A Christian college that expels people in same-sex marriages just got served with its second $1 million lawsuit

Fuller Theological Seminary Christian college

The US’s largest interdenominational Christian seminary is embroiled in a second discrimination lawsuit over its expulsion of a student for being in a same-sex marriage.

Two former students, Nathan Brittsan and Joanna Maxon, are each suing the Fuller Theological Seminary for $1 million, claiming that the college violated anti-discrimination laws.

The suit is believed to be the first of its kind, and its outcome could have wider implications for Christian colleges and universities who receive government funding.

Maxon launched legal action in November, saying that disciplinary proceedings were initiated against her when the school’s financial aid office flagged information from her tax returns which showed she had a same-sex spouse.

On January 7 she was joined by Brittsan, who is also a baptist pastor. He alleges that he was dismissed from the Christian school in 2017 when administrators learned of his same-sex marriage from a request to change his surname.

Brittsan later disclosed his marriage to another dean and a professor, but the suit says that he “was not informed that this discussion was actually part of an initial inquiry or investigation by Fuller into Nathan’s perceived community standards violation”.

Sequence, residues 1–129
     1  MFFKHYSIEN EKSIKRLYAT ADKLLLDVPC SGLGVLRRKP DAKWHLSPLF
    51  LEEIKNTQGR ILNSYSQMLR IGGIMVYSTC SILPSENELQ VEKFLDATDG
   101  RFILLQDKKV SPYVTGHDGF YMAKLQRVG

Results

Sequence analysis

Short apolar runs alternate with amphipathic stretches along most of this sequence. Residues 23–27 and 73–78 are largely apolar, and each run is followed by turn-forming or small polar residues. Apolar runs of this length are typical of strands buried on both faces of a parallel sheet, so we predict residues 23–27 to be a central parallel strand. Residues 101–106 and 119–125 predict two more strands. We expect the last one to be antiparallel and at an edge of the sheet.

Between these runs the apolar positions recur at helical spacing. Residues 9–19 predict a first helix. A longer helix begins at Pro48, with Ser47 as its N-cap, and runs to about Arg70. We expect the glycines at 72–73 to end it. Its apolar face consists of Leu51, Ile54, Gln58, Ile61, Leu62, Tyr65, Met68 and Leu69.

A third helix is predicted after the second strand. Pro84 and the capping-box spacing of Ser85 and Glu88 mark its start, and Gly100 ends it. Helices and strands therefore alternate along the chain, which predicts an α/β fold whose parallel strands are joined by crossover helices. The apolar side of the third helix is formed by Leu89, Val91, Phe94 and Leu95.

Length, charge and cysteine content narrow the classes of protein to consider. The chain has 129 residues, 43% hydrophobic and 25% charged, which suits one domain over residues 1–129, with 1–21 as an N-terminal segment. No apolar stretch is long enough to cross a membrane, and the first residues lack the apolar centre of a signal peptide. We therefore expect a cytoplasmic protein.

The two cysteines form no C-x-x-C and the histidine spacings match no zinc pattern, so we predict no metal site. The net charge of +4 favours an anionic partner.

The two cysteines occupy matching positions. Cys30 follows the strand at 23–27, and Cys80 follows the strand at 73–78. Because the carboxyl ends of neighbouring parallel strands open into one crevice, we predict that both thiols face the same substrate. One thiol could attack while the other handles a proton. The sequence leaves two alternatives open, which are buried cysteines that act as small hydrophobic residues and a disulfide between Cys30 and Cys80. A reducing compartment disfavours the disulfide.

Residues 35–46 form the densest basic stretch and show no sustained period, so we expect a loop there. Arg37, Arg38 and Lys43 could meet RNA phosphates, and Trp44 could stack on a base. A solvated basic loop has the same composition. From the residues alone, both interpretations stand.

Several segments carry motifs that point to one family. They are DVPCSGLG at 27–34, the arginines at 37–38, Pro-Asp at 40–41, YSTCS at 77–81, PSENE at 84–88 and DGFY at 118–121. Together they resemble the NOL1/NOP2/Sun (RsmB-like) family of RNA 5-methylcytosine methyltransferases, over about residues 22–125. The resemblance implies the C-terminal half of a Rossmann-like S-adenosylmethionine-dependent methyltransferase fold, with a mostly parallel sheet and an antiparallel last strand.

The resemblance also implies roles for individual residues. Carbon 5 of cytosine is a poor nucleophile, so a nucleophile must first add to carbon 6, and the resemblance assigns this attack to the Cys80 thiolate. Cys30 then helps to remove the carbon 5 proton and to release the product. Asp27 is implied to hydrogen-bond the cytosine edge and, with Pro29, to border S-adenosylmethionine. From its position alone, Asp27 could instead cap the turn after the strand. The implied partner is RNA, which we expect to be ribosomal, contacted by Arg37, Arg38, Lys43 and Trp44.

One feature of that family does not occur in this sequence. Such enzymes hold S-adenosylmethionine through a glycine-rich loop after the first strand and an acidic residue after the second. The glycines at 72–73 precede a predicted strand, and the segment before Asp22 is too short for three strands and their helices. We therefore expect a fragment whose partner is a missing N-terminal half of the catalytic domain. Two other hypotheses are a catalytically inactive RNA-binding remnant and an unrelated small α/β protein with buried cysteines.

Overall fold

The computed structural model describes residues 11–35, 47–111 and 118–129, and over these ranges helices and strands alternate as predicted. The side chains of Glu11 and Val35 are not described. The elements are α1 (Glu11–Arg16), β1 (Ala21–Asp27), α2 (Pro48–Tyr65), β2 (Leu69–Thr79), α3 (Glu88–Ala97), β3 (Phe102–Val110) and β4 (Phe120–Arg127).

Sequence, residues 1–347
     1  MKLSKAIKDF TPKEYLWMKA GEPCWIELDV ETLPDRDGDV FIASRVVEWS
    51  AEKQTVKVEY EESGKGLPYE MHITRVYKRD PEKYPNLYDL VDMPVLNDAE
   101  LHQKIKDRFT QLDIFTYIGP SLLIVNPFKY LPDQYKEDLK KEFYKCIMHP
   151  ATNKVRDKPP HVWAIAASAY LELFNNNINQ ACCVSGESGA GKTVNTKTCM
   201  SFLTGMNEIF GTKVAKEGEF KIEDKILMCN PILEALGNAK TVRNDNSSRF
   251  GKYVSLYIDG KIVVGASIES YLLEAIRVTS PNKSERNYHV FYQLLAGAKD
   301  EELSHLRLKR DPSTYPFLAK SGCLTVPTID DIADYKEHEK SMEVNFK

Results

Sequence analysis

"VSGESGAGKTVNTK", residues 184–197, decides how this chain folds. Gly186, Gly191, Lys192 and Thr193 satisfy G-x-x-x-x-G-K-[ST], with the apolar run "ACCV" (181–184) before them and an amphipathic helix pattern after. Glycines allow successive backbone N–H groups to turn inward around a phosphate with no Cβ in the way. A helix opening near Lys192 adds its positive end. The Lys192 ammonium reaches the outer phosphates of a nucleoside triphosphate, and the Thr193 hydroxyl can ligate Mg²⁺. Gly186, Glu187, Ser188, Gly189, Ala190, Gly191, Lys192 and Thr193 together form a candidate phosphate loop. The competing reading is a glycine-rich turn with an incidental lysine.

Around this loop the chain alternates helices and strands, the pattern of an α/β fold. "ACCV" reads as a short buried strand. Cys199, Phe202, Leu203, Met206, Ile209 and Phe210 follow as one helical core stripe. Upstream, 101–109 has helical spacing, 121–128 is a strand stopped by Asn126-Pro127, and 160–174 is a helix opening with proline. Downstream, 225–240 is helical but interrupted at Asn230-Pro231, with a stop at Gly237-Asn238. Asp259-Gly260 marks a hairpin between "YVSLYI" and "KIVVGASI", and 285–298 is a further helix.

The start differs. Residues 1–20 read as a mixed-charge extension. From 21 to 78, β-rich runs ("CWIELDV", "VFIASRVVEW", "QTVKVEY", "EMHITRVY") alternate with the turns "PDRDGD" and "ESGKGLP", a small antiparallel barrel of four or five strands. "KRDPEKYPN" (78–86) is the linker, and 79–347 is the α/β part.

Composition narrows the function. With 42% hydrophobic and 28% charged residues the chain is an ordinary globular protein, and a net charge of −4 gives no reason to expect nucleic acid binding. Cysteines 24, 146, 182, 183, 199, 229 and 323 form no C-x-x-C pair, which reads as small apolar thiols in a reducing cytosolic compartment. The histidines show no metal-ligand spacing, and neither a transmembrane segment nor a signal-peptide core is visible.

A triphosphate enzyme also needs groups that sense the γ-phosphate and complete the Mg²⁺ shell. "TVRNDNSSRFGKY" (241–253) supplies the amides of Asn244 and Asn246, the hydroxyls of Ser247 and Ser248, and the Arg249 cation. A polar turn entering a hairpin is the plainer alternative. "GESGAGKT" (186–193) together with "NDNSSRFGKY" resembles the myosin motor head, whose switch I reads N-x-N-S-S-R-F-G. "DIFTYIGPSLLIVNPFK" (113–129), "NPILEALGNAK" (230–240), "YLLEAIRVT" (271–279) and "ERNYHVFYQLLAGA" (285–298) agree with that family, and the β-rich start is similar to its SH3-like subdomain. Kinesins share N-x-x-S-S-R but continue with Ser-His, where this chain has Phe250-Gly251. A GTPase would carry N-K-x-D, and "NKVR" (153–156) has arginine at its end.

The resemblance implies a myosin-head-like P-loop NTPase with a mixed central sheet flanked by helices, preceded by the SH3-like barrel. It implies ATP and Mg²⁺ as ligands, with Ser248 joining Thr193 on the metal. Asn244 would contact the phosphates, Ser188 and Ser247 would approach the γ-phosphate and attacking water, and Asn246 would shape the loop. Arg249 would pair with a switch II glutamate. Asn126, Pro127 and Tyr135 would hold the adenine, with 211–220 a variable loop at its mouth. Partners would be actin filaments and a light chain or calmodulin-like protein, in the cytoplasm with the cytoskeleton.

The seminary’s community standards state that “sexual union must be reserved for marriage, which is the covenant union between one man and one woman, and that sexual abstinence is required for the unmarried”. It adds that premarital, extramarital, and homosexual sex are “inconsistent with the teaching of scripture”.

But even if the school is able to prove that Brittsan and Maxon engaged in the prohibited form of sexual conduct, the lawsuit argues that it had no right to discriminate against them under Title IV of the Civil Rights Act.

While certain religious colleges are eligible to apply for exemptions from Title IV, Fuller has not received such an exemption.

In addition to this, the information on Maxon’s tax returns was protected by the Family Educational Rights and Privacy Act, which prohibits the data being shared without the student’s consent or used for something the student didn’t authorise.

When Brittsan twice appealed his expulsion, the seminary actually disputed his enrolment. When he requested to see his disciplinary records, which were needed for him to appeal to the school’s Board of Trustees, the seminary disputed that they were required to release the records.

Brittsan brought his complaint to the Department of Education Office of Civil Rights, but he still hasn’t seen his own disciplinary records.

Fuller’s attorneys have two weeks to respond to the complaint, and are expected to ask the court to dismiss the case.